Before it was really light he had his baits out and was drifting with the current.
One bait was down forty fathoms.
The second was at seventy-five and the third and fourth were down in the blue water at one hundred and one hundred and twenty-five fathoms.
Each bait hung head down with the shank of the hook inside the bait fish, tied and sewed solid and all the projecting part of the hook,
the curve and the point, was covered with fresh sardines.
Each sardine was hooked through both eyes so that they made a half-garland on the projecting steel.
There was no part of the hook that a great fish could feel which was not sweet smelling and good tasting.
The boy had given him two fresh small tunas, or albacores,
which hung on the two deepest lines like plummets and, on the others, he had a big blue runner and a yellow jack that had been used before;
but they were in good condition still and had the excellent sardines to give them scent and attractiveness.
Each line, as thick around as a big pencil,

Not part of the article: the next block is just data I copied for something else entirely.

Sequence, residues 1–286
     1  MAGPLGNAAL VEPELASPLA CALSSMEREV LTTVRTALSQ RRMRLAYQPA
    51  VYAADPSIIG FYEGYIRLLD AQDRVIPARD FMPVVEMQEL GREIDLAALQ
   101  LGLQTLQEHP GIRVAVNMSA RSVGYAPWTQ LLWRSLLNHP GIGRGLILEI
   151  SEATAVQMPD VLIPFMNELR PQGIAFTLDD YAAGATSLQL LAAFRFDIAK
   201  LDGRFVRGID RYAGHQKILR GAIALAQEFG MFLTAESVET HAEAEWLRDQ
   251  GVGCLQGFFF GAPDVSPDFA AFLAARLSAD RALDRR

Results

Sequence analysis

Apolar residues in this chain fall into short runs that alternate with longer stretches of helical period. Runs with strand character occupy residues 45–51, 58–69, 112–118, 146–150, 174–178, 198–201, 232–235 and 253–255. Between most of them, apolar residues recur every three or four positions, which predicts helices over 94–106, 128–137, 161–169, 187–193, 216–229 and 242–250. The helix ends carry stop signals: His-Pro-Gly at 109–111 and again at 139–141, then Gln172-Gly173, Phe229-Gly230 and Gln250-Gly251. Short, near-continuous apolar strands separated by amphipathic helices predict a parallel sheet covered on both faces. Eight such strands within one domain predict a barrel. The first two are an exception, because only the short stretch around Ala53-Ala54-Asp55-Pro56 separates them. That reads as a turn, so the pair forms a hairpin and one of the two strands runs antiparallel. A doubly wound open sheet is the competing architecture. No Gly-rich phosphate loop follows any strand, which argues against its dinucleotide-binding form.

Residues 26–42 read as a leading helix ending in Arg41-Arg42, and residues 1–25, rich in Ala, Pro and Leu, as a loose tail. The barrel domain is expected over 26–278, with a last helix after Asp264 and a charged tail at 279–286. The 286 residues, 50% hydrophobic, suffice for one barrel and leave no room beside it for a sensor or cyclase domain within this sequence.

was looped onto a green-sapped stick so that any pull or touch on the bait would make the stick dip and each line had two forty-fathom coils which could be made fast to the other spare coils so that,
if it were necessary, a fish could take out over three hundred fathoms of line.
Now the man watched the dip of the three sticks over the side of the skiff and rowed gently to keep the lines straight up and down and at their proper depths.
In a moment now the sun would rise.
The sun rose thinly from the sea and the old man could see the other boats, low on the water and well in toward the shore, spread out across the current.
Then the sun was brighter and the glare came on the water and then, as it rose clear,
the flat sea sent it back at his eyes so that it hurt sharply and he rowed without looking into it.
He looked down into the water and watched the lines that went straight down into the dark of the water.
He kept them straighter than anyone did, so that at each level in the darkness of the stream there would be a bait waiting exactly where he wished it to be for any fish that swam there.
Others let them drift with the current and sometimes they were at sixty fathoms when the fishermen thought they were at a hundred.
But, he thought, I keep them with precision.
Only I have no luck any more. But who knows? Maybe today.
Every day is a new day.
It is better to be lucky. But I would rather be exact. Then when luck comes you are ready.